A randomized phase II trial of 3 different doses of temsirolimus, the mTOR (mammalian target of rapamycin) inhibitor, demonstrated an objective response rate of 7% and a minor response rate of 26%. Most patients in the study had been treated previously with cytokine therapy. Median time to tumor progression was 5.8 months and median survival was 15 months. Intermediate and poor risk patients appeared to selectively benefit compared to historical controls . Temsirolimus, IFN-α 2a and combination temsirolimus plus IFN-α 2a were compared in a subsequent 626- patient phase III trial that selected patients with poor risk RCC based on early signals of activity in this population (Table 1) [11,12]. The eligibility criteria did not mandate a clear cell component or previous cytoreductive nephrectomy. Approximately 80% of patients accrued actually had CC-RCC and 67% of patients had undergone previous nephrectomy. At least 3 of the following 6 poor prognostic factors were required: a serum LDH > 1.5 times the upper limit of the normal; a hemoglobin level below the lower limit of normal; a corrected serum calcium level > 10 mg per deciliter; a time from initial diagnosis to randomization < 1 year; a KPS of 60 or 70, or multiple organ metastases. These poor risk criteria are slightly modified from the original MSKCC criteria, and essentially allowed the accrual of mostly poor, and some intermediate risk patients according to the original MSKCC criteria. Other salient eligibility criteria included fasting cholesterol ≥ 350 mg/dL and triglyceride ≥ 400 mg/dL, and those with brain metastases were eligible if they were neurologically stable and did not require glucocorticoids after surgical resection or radiotherapy. The temsirolimus group received 25 mg of temsirolimus in a weekly 30-minute intravenous infusion. Premedication with 25 to 50 mg of intravenous diphenhydramine or a similar H1 blocker was given approximately 30 minutes before each infusion as prophylaxis against an allergic reaction. The combination-therapy group received 15 mg of temsirolimus in a 30-minute infusion weekly along with IFN.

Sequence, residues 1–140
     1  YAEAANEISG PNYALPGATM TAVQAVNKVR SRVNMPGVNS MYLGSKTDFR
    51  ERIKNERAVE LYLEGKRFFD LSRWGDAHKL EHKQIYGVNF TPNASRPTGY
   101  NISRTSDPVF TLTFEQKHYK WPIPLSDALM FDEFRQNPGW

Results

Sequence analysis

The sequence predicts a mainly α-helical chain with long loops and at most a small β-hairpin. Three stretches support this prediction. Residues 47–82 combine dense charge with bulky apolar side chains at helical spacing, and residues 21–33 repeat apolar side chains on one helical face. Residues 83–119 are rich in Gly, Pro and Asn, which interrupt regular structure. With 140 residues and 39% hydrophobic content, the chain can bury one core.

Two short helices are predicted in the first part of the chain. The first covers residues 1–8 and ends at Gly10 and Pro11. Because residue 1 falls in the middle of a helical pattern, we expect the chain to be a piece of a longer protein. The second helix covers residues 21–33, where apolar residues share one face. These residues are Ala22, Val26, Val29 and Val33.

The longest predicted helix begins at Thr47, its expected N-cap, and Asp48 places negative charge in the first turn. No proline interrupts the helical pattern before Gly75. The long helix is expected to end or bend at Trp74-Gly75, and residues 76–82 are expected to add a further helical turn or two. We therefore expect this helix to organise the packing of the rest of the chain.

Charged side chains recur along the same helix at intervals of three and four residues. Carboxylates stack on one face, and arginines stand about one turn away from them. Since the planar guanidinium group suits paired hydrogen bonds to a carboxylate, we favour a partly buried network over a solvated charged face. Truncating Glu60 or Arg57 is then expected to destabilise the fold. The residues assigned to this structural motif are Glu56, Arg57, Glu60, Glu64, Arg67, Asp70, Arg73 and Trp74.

Median survival was 7.3 months in the IFN group, 10.9 months in the temsirolimus group, and 8.4 months in the combination group. When compared with interferon alone this translated into a 49% improvement in median survival in patients treated on the single agent temsirolimus arm. Treatment with temsirolimus alone was associated with a HR for death of 0.73, while the combination of IFN plus temsirolimus resulted in an HR of 0.96. Therefore, unlike temsirolimus alone, the combination of temsirolimus plus IFN did not improve OS. This could be due to lower doses of both agents in the combination group as well as more dose delays and reductions secondary to toxicities. According to independent radiologic assessments, the median PFS for the IFN, temsirolimus, and combination-therapy groups were 3.1, 5.5, and 4.7 months, respectively. The objective RRs of 4.8%, 8.6%, and 8.1% among patients receiving IFN, temsirolimus, and combination therapy, respectively, did not differ significantly. The proportion of patients with stable disease for at least 6 months or an objective response was greater with temsirolimus (32.1%) and combination-therapy (28.1%) than with IFN (15.5%) (p < .001 and p = .002, respectively). On exploratory subset analysis, the effect of temsirolimus on OS was greater among patients under 65 years of age than among older patients and among patients with a serum LDH > 1.5 times the upper limit of the normal. Additionally, patients with non CC-RCC appeared to benefit relatively more than those with CC-RCC. The most common grade 3-4 adverse effects of temsirolimus were asthenia (11%), rash (4%), anemia (20%), nausea (2%), dyspnea (9%), diarrhea (1%), peripheral edema (2%), hyperlipidemia (3%), and hyperglycemia (11%). These symptoms were usually manageable with supportive care or a reduction in the drug dose. Temsirolimus alone was associated with fewer grade 3-4 adverse events compared to IFN alone. Based on these data derived from a large phase III trial, temsirolimus should be considered the preferred agent for poor risk RCC, and perhaps the preferred agent for non CC-RCC (Table 2), although this will be evaluated in future trials.